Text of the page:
Online banking: how mobile apps are helping the 'unbanked'

Online banking has increased thanks to mobile apps, which may encourage the use of traditional and online banking services among households that primarily use alternative services like check-cashing stores and payday loans, according to the FDIC. 

Brian Ach/AP Images for Bank of America Merrill Lynch/File
A screenshot of the Merrill Lynch Clear iPad 'Discovery App', for Merill Lynch and Bank of America. According to an FDIC study, online banking through mobile banking apps have helped increase use of traditional financial services among the 'unbanked' – consumers who previously relied on things like payday loans and check-cashing stores.

If you’re among the unbanked in America and you own a smartphone, that little device could be your onramp to the financial mainstream. Mobile apps may encourage the use of traditional online banking services, according to a Federal Deposit Insurance Corp. survey.

Smartphones are changing how people approach banking, most significantly among the underbanked, which includes those households that have an account at a financial institution but use alternative service providers such as check-cashing stores or payday lenders, the FDIC said in reporting the survey results. The agency says that about 30% of underbanked households use mobile devices to get into their accounts, compared with almost 22% of fully banked households.

“Mobile technologies might also become useful tools for bringing unbanked households into the financial mainstream,” the agency said. “Innovations such as mobile account opening could play a role in expanding access to banking for the unbanked.”

Smartphone tools

Access to smartphones is a chief reason mobile banking rates have increased. Almost one in four households reported using mobile devices with their accounts. Most often, that meant monitoring a balance or reviewing recent transactions. About a quarter of households used mobile apps to deposit a check. More than half of underbanked households said they used mobile text alerts compared to less than 45% of fully banked households.

The primary way people still gain access to their accounts is through tellers or online portals – about two out of three households listed one or the other as their usual way. Even though mobile apps are becoming more popular, these methods are still, by and large, most commonly used by the underbanked, the survey shows.

Mobile and online banking methods tend to supplement banking, rather than substituting for it entirely, according to the survey, which is done every other year. Those who primarily used online or mobile apps to access their accounts said they typically used additional methods as well, such as cash machines and branch visits.

Employment effects

The number of unbanked households dropped last year to 7.7%, representing more than 25 million Americans, from 8.2% in 2011 according to the survey, which measures the underserved population. The FDIC cited improving economic conditions and changing household demographics as the main contributing factors to this decrease. An unbanked household doesn’t hold an account at an insured financial institution, the agency said.

About one in five households, with more than 67 million people, were underbanked last year, according to the FDIC. The category is for those that have an insured account but that used an alternative service at least once in the past year. The proportion of underbanked households was unchanged from 2011.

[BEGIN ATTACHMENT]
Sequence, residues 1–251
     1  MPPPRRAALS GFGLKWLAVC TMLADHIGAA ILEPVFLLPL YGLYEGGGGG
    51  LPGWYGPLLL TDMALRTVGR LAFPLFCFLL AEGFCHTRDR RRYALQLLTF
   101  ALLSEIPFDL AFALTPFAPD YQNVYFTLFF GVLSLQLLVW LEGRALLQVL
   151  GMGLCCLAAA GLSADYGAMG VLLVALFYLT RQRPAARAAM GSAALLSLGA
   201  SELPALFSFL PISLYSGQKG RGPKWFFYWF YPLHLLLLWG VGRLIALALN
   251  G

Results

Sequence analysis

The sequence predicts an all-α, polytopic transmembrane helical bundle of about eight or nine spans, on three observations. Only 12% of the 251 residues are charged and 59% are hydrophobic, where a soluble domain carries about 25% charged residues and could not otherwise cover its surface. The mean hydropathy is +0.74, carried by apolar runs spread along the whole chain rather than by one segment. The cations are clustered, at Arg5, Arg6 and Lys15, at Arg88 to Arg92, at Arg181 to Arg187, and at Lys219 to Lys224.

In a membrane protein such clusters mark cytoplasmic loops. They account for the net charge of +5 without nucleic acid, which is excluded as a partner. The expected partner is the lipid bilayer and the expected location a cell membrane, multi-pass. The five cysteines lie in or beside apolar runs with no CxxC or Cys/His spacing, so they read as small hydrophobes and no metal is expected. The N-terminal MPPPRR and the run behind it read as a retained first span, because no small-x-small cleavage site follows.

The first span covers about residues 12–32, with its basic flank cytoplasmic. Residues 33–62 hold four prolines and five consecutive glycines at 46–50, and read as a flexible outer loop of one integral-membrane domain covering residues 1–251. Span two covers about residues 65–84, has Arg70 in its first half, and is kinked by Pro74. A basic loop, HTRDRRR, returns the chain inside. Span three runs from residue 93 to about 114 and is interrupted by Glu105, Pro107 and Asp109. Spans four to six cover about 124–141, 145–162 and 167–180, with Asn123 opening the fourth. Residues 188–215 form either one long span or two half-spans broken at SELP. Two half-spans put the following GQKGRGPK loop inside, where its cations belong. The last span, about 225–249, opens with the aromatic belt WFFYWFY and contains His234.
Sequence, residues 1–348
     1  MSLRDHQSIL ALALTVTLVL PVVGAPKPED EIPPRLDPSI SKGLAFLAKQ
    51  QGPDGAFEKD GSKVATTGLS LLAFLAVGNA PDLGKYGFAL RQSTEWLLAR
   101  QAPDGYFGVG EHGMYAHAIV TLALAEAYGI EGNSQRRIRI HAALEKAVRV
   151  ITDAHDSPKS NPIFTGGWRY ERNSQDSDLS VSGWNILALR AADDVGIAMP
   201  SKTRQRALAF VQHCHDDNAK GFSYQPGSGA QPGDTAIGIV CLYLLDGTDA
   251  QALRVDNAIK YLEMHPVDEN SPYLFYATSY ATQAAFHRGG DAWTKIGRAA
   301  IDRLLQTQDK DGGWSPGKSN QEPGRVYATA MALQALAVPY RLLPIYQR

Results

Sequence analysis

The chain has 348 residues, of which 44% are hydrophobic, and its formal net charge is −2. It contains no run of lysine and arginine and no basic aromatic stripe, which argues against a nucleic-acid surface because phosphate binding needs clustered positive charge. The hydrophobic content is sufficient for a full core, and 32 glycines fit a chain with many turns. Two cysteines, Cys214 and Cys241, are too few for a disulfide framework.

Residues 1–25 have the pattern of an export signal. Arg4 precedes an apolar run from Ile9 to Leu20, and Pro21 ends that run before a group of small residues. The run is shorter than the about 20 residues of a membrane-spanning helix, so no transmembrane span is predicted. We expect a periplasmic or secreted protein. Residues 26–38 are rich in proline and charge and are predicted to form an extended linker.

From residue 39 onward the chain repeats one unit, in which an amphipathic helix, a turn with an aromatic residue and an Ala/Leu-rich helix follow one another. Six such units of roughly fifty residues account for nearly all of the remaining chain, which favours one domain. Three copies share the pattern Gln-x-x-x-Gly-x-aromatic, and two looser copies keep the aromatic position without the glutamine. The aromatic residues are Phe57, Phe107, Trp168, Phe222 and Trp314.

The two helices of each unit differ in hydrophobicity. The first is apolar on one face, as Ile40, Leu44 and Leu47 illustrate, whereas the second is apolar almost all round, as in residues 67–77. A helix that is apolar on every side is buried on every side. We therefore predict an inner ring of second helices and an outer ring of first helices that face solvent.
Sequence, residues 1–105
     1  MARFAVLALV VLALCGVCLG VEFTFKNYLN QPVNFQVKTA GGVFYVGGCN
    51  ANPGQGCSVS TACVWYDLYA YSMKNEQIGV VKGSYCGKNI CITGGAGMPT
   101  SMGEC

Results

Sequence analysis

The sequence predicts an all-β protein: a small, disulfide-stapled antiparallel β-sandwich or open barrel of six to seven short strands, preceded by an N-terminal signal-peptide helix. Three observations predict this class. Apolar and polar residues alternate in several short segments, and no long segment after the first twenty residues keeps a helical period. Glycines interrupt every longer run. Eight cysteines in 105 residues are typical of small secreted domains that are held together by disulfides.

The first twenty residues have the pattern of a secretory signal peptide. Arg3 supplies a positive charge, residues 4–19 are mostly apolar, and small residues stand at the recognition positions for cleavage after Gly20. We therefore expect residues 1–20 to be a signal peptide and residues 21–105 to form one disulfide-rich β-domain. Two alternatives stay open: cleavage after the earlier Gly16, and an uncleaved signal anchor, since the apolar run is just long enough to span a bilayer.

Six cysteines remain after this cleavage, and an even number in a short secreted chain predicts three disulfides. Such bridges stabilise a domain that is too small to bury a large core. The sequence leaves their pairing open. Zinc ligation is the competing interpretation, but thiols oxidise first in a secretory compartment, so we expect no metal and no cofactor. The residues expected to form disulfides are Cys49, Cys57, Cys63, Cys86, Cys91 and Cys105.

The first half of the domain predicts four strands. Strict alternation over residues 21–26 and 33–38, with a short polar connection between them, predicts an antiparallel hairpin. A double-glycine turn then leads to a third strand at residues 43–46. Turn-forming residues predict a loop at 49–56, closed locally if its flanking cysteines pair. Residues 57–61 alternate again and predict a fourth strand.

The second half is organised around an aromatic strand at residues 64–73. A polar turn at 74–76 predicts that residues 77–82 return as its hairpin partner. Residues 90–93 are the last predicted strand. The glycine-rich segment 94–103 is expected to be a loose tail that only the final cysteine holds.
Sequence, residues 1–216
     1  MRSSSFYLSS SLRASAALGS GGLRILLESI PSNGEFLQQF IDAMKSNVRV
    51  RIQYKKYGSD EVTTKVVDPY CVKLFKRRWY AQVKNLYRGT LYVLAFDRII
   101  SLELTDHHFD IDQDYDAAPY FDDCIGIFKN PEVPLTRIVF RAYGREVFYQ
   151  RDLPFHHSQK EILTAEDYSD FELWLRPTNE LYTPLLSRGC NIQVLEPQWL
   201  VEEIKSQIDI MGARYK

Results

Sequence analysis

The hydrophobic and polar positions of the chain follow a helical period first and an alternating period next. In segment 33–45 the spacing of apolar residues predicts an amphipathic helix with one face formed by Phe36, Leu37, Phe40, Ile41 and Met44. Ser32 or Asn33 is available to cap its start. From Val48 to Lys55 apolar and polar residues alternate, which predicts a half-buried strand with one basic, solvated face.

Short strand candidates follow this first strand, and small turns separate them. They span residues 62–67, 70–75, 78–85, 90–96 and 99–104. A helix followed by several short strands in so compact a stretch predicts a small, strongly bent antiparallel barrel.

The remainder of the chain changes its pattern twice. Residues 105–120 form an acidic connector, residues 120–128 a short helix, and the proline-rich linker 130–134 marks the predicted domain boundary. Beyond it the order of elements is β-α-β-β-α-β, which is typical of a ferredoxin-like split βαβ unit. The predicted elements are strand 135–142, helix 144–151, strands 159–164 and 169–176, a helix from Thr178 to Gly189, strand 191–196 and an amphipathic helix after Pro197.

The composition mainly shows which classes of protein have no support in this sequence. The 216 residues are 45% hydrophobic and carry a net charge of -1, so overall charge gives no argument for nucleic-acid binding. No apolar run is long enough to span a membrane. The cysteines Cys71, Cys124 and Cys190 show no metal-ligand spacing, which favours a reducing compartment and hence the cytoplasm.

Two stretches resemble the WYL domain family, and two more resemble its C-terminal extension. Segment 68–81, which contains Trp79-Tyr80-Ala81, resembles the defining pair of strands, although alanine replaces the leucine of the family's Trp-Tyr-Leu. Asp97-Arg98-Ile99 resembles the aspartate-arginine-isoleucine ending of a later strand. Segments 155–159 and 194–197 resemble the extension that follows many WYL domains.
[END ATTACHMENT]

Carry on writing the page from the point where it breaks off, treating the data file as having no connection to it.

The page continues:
Income and employment were the top factors in determining whether households held bank accounts. Slightly less than half of the unbanked previously had an account, but closed it following a job loss or a significant drop in income. About 10% reported becoming unbanked in the previous 12 months.

About 35% of unbanked households cited not enough money as the main reason they didn’t have an account. Dislike or distrust of banks as well as high or unpredictable account fees also were given as reasons for being unbanked.

Unbanked Americans increasingly use prepaid debit cards as a payment method and as an alternative to holding a bank account, the report shows. Prepaid card use grew to 27% of unbanked households last year from 12% in 2009.

Just as losing a job can lead to becoming unbanked, landing a new job and particularly the need for direct deposit of a payroll check often spurred unbanked households to open bank accounts, the agency said. Of the 1.6% of households that became banked in the previous 12 months, almost a quarter reported that a new job figured in the decision. More than a third – nearly 35% – said setting up a way to receive direct deposits was the main reason they opened a bank account.

Households with the highest unbanked rates included non-Asian minorities, people with lower incomes, and younger and unemployed residents, according to the survey. While the rates for most were fairly unchanged from 2011, the rate for Latino households dropped to about 18% last year from 20% in 2011. Higher levels of employment, income and education accounted for much of the decline.

Future possibilities

It’s more likely that currently unbanked households will open an account in the future if they’ve recently had a bank account – about 75% say they probably will as opposed to 25% among those who’ve never held an account and 43% that last had one more than a year ago.

There’s no doubt about it, mobile apps are helping to entice even the most wary among us back to banks. These apps showcase some of the most convenient and popular services, such as checking and savings account monitoring, making payments to your pals, finding a cash machine, depositing a check and paying bills. So if you’re part of the underbanked or unbanked population and own a smartphone, you may want to use it to change the way you manage your money – if you haven’t already.

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